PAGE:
Theoretical and experimental analysis of a horizontal planar Liquid-Vapour Thermal Diode (PLVTD)

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Abstract

Thermal diodes are unidirectional heat transfer devices, analogous to electrical diodes, which offer low resistance (thermal conductance) in one direction and high resistance (thermal insulation) in the other. Thermal diodicity has significant potential to improve the efficacy of a wide variety of heating and cooling devices. This paper presents pioneering work to experimentally measure the heat transfer characteristics of a 0.15 m 2 passive Planar Liquid-Vapour Thermal Diode (PLVTD). Prior work has typically examined much smaller devices aimed at micro-electronics cooling applications whereas the present work aims to improve understanding of larger scale devices for incorporation in solar collectors and multi-function climate control building envelopes. Such applications can facilitate local renewable energy generation (solar and ambient heat collection) and improve cooling system energy efficiency (passive heat rejection) in order to address the climate crisis by decarbonising built environment energy use. Experimental work involved a horizontally oriented PLVTD formed of two parallel isothermal plates with integral serpentine heat exchangers and external insulation. Plate, fluid, and ambient temperatures were controlled and measured to determine heat transfer coefficients under various temperature difference and heat flux operating scenarios in order to validate a simple one-dimensional lumped parameter model. Measured forward mode heat transfer 150 < U f < 500 W·m −2 K −1 combined with reverse mode insulation U r = 10 W·m −2 K −1 corresponds ς ≈ 88% diodicity at low condenser temperatures and fluxes (T 2 ≈ 15 °C and q/A ≈ 120 W∙m −2) and ς ≈ 96% at high condenser temperatures and heat fluxes (T 2 ≈ 60 °C and q/A ≈ 2800 W∙m −2). Forward mode performance increases with increasing heat flux and (to a lesser extent) with increasing operating temperature but is largely independent of PLVTD dimensions. Reverse mode performance is largely independent of heat flux and temperature but reduces (improves thermal insulation) with increasing cavity depth. The model has been used to show that a stainless steel PLVTD with x = 70 mm cavity can achieve U r = 2 W·m −2 K −1 with similar forward mode performance to the experimental prototype. Such a device would achieve diodicity of ς > 97% and be suitable for application in solar collectors and climate control building envelopes.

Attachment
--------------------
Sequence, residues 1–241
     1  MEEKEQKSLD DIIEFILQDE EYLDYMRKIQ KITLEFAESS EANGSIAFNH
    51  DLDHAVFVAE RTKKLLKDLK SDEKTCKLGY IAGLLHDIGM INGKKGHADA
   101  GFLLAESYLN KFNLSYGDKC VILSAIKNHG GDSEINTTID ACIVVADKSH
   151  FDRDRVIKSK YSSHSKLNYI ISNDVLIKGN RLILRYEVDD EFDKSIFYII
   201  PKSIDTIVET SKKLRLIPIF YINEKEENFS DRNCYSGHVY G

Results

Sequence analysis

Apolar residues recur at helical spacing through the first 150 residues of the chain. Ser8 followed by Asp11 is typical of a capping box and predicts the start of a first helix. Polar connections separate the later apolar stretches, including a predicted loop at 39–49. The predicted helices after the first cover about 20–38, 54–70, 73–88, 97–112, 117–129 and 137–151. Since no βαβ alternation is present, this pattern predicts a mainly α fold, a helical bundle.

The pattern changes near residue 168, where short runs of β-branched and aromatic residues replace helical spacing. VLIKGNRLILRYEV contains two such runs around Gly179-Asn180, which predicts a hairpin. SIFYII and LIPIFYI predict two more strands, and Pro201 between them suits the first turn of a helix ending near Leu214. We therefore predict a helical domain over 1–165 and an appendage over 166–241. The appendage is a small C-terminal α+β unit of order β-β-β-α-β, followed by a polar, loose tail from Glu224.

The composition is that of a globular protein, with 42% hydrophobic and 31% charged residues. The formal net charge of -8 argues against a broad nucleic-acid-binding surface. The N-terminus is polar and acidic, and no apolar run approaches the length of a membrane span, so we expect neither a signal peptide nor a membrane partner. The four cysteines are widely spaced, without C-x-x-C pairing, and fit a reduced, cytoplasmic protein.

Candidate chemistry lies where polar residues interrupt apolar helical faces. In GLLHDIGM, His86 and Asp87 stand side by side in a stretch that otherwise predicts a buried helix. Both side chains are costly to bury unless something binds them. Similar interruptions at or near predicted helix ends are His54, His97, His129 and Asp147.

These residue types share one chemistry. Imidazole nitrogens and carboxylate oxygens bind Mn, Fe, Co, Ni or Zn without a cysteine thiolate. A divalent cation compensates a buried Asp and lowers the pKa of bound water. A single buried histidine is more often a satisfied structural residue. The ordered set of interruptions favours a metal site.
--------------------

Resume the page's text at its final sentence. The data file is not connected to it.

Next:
LanguageEnglish
Article number118660
Pages1-34
Number of pages34
JournalInternational Journal of Heat and Mass Transfer
Volume144
Early online date6 Sep 2019
DOIs
Publication statusPublished - 1 Dec 2019

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Diodes
Vapors
diodes
vapors
heat flux
Liquids
liquids
climate
Heat flux
solar collectors
thermal insulation
heat transfer
condensers
Climate control
insulation
Solar collectors